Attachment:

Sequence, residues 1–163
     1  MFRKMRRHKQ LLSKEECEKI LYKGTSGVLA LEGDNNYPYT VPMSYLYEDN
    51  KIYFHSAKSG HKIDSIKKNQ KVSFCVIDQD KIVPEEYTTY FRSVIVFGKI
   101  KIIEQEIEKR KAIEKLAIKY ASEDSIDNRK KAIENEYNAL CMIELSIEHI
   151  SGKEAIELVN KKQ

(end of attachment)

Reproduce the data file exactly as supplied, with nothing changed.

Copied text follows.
Sequence, residues 1–163
     1  MFRKMRRHKQ LLSKEECEKI LYKGTSGVLA LEGDNNYPYT VPMSYLYEDN
    51  KIYFHSAKSG HKIDSIKKNQ KVSFCVIDQD KIVPEEYTTY FRSVIVFGKI
   101  KIIEQEIEKR KAIEKLAIKY ASEDSIDNRK KAIENEYNAL CMIELSIEHI
   151  SGKEAIELVN KKQ